To address this situation, IATA joined with IFALPA and other aviation stakeholder groups in support of the Africa Strategic Improvement Action Plan. The Plan was endorsed as part of the Abuja Declaration and ratified at the Assembly of the African Union in January 2013. The goal is to achieve world-class safety levels in Africa by 2015.
It won’t be easy. But we know that world-class safety is possible in Africa. African airlines on the IOSA registry, for example, had no accidents with Western-built jet aircraft in 2012. And even if we look at all aircraft types, the performance of IOSA-registered African airlines was in line with the global average. That is why one of the key elements of the plan centers on IOSA—making it mandatory for airlines registered in the African Union by 2015.
As with safety in general, we will only be successful in Africa with a team effort. The Abuja Declaration demonstrates the political will to improve. But it will take a team effort—including IFALPA, IATA and many others—to deliver the results.
Our commitment to raising the bar on safety is not limited to Africa. Constant improvement—across the board—is imperative.
- As discussed, IOSA is an effective global standard that is helping to improve safety. Now we are introducing the Enhanced IOSA (E-IOSA). This augments compliance to the audit’s 900+ standards with a further dimension of internal quality assurance programs with a self-auditing methodology. With industry support, including IFALPA’s, we are moving ambitiously to transition to E-IOSA over the next few years.
- Recognizing that data will guide our safety efforts, next year we are going to launch the Global Aviation Data Management (GADM) portal. Already IATA’s Global Safety Information Center’s (GSIC) six databases benefit from 830 information feeds contributed by some 420 organizations. As 85% of IATA members use the database, I am sure that you are familiar with it. If you are not, I would encourage you to talk to our SFO Data team or Guenther. The GADM portal will make GSIC an even more powerful tool by incorporating other sources for operations, infrastructure, security and auditing.
There are no limits to where cooperation on safety can take our industry. Cooperation for constant improvement is a promise that we have made and kept for nearly 100 years. And I am sure that will continue into the future.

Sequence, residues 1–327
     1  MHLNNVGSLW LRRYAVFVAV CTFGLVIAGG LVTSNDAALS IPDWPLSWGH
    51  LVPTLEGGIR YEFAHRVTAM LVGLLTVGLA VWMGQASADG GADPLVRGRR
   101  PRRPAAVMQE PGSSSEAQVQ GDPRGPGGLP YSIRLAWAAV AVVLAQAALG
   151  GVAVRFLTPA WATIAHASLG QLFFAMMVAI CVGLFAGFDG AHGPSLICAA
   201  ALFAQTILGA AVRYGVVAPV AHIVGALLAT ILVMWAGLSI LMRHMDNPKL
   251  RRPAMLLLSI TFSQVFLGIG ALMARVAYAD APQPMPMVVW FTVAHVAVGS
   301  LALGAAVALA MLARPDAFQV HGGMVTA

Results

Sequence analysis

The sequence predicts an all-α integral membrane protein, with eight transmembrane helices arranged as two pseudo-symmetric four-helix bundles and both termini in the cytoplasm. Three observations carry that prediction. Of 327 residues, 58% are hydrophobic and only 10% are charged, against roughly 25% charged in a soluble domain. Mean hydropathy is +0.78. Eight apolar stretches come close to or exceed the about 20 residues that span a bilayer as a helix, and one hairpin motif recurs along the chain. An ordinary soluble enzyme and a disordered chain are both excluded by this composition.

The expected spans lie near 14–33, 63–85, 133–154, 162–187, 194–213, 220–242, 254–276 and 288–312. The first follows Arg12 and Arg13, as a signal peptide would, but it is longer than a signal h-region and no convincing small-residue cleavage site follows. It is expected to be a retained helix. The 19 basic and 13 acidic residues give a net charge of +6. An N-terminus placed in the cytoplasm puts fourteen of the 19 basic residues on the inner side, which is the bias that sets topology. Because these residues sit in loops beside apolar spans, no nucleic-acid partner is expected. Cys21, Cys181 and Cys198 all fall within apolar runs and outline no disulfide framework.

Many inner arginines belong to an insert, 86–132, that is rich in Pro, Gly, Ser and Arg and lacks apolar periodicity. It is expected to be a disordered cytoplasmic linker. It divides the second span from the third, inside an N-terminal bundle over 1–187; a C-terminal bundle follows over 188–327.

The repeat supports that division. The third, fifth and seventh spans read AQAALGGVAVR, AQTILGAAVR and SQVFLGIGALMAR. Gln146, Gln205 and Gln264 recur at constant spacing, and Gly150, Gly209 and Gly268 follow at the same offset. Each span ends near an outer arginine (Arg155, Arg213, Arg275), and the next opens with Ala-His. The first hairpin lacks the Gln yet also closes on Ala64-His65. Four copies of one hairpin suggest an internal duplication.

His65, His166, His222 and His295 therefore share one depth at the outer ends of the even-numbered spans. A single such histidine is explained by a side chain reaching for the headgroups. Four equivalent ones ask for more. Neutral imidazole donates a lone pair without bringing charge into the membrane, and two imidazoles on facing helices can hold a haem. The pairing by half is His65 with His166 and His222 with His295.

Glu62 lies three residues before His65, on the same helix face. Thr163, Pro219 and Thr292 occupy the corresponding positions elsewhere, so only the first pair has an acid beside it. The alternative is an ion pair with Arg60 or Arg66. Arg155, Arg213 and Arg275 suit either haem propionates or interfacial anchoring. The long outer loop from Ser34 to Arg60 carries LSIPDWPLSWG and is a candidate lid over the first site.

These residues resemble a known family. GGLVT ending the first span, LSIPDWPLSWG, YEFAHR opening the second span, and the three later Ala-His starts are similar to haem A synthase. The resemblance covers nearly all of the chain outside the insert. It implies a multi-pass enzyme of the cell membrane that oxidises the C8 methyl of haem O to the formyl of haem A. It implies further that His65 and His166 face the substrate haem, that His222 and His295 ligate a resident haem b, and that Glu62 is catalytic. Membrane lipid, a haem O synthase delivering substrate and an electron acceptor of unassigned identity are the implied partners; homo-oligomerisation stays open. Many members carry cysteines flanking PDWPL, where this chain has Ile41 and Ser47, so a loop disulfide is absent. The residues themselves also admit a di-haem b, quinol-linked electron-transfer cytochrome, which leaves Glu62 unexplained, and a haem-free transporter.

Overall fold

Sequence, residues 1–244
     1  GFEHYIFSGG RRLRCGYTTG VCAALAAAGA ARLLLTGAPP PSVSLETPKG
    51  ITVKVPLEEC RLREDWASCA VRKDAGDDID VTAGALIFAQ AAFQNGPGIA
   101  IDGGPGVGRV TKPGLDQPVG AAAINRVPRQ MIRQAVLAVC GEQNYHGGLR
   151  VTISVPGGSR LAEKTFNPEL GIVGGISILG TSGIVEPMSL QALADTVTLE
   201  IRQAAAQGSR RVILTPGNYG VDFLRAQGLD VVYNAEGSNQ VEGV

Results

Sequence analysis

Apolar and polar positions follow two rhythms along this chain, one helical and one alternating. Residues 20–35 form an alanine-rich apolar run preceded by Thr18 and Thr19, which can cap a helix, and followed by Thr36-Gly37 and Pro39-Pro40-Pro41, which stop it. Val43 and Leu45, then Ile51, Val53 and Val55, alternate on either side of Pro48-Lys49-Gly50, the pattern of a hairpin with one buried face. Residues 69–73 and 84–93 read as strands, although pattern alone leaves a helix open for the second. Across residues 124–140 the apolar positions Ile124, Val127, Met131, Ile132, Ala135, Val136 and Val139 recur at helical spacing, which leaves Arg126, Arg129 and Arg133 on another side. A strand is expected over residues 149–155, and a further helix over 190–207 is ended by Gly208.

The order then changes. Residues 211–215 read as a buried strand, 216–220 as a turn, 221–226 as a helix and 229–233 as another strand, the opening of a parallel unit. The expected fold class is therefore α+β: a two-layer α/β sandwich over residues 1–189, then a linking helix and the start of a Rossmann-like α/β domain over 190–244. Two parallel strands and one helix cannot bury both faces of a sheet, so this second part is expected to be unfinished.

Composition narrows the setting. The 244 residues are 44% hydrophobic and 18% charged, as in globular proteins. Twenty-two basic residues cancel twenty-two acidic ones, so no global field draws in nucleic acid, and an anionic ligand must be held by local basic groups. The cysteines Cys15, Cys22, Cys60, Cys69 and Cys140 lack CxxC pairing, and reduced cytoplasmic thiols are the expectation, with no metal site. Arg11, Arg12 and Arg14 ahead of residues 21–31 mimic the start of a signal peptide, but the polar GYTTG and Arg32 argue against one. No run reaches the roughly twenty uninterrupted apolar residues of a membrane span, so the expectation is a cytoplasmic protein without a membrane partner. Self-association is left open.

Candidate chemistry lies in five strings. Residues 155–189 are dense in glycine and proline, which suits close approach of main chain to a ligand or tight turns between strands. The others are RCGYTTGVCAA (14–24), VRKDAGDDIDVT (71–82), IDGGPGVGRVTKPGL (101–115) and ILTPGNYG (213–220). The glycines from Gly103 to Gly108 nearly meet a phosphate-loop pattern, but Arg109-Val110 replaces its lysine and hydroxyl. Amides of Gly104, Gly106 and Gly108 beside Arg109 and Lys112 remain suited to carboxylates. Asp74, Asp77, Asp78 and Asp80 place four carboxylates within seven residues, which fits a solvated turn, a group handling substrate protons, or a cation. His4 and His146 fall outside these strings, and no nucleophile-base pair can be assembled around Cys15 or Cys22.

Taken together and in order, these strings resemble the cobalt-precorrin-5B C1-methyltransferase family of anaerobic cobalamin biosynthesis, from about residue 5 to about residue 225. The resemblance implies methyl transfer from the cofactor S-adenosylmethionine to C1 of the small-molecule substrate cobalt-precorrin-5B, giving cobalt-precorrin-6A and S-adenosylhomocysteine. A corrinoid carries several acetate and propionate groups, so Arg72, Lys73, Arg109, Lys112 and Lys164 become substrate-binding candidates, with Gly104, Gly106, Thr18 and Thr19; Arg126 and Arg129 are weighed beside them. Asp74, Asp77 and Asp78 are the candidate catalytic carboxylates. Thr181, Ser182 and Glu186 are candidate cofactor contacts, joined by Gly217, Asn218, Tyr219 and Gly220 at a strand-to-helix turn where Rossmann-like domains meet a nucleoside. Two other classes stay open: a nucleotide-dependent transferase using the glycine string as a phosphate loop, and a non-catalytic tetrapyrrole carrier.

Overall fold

Safeguarding aviation’s sustainability also means keeping terrorists off airplanes. Like safety, flying today is more secure than it has ever been. But there are two key differences. First, the challenge on safety is largely technical while the security threat is constantly evolving and subject to geopolitical developments far beyond our control. And second, while our efforts on safety are largely invisible to the passenger, the approach that we have taken on security comes with a heavy price in terms of customer dissatisfaction.
Passenger numbers have nearly doubled since 2001. And they will likely double again by 2030. The vast majority—probably much more than 99.99999%--of these passengers pose no threat. But we treat them all alike—as we do some of our most trusted employees. This one-size-fits-all proscriptive model for security is not sustainable. If we don’t evolve it, the system will grind to a halt under its own weight; in fact it is already slowing. Before 9.11 the average checkpoint processed 350 passengers per hour. Today it is below 150.
Resources are being stretched. The US Transportation Security Administration admits it is concerned that we are running out of space to accommodate the growing footprint of the security areas at airports.
If we are struggling just to manage the process, at some point we will lose the ability to stay one step ahead of how the threat is evolving.
That’s why we need a risk-based model. This concept underlies the Checkpoint of the Future project, an industry initiative supported by IATA. Risk–based security is about making better use of the information that is available to assess the likelihood that people, objects or situations can pose threats. Once we have the ability to make assessments, it becomes possible to use differentiation to ensure that resources are deployed where they will have the biggest impact on reducing risk. Differentiation is only possible if you have the information for risk-based decisions.
This can be achieved by using information that is already being provided to governments for purposes of border control. Advance Passenger Information (API) and Passenger Name Record (PNR) information could also be used to provide automated guidance for decisions on the level of screening each passenger receives. Known traveler programs are examples of using a risk-based approach to improve the efficiency and security at airport checkpoints.
Another example is the known crewmember program that is of particular interest to your members. We are working to bring this model to flight crew for international flights. IFALPA and its member organizations can become strong advocates in favor of this important initiative and we would welcome your support to move it forward—it is certainly in all of our interests to do so. I also would like to encourage IFALPA to consider participating in the expert groups currently working to develop the Checkpoint of the Future. I believe that your members could make a valuable contribution to the process.
I would also like to encourage IFALPA and its members to continue their very important work to improve operational efficiency, which is so important both to achieving our aggressive environmental commitments and to reducing waste that drives up operating costs. Safety is the top priority—and will never be compromised. But every operational decision that saves on fuel benefits the bottom line for both our financial and environmental performance.
One very exciting opportunity is Paperless Aircraft Operations—in the cockpit, in the ops center, in the maintenance hangar. This will extend the efficiencies generated by Electronic Flight Bags (EFBs). IFALPA’s members helped tremendously with the introduction of EFBs and tablet technology to the cockpit. I am sure that you will play an equally important role in helping to navigate the challenges of extending this across flight operations procedures.